Here's my proposal for syntax. Whenever you want to use a variable (unless it's a local), you have to declare it beforehand in some vocab. For example, the following would declare a dynamically scoped variable foo and a thread-local variable bar. Currently, you wouldn't declare these ahead of time, and instead you would just use symbols for these purposes.
Then, to read the values of these variables, the following syntax would be used
Reading a variable should just be done by executing the word that is the variable. This is how it works in almost all programming languages. Since the variable has been declared ahead of time, we know what kind of variable it is and how to read it. There could be a single parsing word for writing to variables, such as to: (this is what values uses right now), as in the following.
4 to: foo
Again, since the variable is declared ahead of time, we know how to write to it, and the right code is generated at parsetime. We could also have combinators like change, written in a way that works with all variable types:
[ 1 + ] change: foo

Another change I'm interested in is the scoping rules for dynamically scoped variables. Right now, when with-variable is invoked, a totally new scope is made such that if any dynamic variable is set, that setting is only kept as long as the innermost with-variable call. These semantics were made back when the fundamental construct for variables was bind, but in modern Factor code, this isn't so important anymore.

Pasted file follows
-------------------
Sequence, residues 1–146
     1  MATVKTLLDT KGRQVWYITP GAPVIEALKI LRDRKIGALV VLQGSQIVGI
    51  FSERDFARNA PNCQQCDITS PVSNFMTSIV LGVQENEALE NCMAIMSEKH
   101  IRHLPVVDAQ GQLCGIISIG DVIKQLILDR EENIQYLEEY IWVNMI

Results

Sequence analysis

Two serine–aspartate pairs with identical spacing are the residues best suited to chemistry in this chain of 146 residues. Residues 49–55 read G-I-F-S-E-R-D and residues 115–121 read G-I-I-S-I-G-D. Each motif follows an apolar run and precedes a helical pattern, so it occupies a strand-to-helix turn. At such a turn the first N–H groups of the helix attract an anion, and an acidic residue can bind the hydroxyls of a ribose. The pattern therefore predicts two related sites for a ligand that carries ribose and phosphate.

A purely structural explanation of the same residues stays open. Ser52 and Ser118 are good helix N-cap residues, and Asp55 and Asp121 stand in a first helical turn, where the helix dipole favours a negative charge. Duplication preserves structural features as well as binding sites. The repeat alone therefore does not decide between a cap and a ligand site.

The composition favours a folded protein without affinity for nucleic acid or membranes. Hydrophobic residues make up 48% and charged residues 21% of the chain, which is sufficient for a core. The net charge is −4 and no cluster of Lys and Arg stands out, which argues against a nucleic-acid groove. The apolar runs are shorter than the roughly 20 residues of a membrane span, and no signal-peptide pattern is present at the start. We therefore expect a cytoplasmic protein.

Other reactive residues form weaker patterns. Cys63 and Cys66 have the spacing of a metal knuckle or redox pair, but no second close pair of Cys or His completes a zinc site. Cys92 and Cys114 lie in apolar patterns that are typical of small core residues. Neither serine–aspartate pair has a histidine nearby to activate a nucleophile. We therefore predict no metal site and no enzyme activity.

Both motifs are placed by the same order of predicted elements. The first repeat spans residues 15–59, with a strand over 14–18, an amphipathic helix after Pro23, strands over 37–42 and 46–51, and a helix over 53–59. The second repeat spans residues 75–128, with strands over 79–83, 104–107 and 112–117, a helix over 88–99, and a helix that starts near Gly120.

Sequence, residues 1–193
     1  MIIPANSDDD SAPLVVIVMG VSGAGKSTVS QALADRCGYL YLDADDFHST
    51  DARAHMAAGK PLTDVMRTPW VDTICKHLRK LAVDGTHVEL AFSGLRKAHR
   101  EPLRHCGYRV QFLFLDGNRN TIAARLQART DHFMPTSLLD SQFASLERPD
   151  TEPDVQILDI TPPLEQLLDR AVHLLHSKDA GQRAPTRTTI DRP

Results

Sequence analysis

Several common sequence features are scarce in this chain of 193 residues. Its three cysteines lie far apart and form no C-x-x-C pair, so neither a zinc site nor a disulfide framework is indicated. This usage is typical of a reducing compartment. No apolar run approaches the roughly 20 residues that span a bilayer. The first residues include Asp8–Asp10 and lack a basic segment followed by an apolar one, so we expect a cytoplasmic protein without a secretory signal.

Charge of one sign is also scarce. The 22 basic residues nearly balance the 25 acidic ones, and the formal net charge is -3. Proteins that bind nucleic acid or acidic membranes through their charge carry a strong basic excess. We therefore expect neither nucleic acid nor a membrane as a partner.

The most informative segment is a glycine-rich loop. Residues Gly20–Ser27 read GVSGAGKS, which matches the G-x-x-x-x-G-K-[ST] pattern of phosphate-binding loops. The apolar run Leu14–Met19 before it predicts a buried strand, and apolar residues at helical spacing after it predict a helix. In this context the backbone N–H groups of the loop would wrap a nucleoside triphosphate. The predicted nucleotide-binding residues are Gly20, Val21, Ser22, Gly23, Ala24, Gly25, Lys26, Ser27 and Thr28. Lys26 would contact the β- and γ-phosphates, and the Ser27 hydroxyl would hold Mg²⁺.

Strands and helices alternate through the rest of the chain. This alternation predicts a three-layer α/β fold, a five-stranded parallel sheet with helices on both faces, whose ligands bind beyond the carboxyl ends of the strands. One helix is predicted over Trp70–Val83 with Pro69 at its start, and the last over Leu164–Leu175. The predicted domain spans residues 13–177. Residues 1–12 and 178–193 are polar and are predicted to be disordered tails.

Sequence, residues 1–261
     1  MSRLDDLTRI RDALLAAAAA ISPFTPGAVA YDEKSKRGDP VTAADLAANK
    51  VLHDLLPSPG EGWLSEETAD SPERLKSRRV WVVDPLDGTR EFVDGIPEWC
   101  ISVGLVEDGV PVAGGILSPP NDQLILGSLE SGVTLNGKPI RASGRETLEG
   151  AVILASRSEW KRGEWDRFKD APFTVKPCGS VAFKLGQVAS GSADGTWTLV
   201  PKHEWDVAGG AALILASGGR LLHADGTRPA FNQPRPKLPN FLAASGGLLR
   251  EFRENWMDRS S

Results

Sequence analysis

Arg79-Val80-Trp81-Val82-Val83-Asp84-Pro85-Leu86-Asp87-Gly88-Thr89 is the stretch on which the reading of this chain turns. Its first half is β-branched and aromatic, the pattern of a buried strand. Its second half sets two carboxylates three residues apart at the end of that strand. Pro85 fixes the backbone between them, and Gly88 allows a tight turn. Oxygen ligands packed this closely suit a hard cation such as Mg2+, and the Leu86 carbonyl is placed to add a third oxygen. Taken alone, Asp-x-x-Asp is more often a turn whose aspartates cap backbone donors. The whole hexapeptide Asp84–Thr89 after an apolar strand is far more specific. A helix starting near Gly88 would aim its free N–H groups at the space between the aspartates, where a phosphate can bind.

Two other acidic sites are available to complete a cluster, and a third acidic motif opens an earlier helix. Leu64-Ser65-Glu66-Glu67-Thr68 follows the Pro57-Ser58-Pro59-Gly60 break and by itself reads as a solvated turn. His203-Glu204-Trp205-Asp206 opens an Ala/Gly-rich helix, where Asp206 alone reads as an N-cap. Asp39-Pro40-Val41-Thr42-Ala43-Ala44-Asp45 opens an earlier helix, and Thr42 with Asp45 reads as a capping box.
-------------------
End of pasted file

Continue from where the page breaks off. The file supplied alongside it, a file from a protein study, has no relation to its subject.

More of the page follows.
The current semantics are a frequent source of bugs. Basically, it's the funarg problem all over again: if you have a higher order function which includes a with-variable call, and if the quotation sets any variables, then these variable settings don't escape the higher order function call. This is usually not what the programmer intended! There are various hacks, euphemistically called idioms, used in Factor to get around this.

The semantics should really be that set modifies the binding in the scope that defined the variable, with the original binding always coming from with-scope. But this change would break tons of Factor code that already exists, so I don't expect it to be used any time soon. Also, it would make things less efficient if each variable binding had its own scope, since right now things are often grouped together.

One of my far-out hopes with variables is that maybe dynamically scoped variables could be optimized so that they would be as efficient as lexically scoped variables. But this would require lots of changes to Factor's implementation. For example, right now no level of the Factor compiler knows anything about any kind of variables; they're either subroutine calls or stack shuffling by the time the compiler sees it. Still, a sufficiently smart compiler could translate a usage of make into a version that stores the partially built sequence on the stack, and there have been compilers that do the equivalent of this.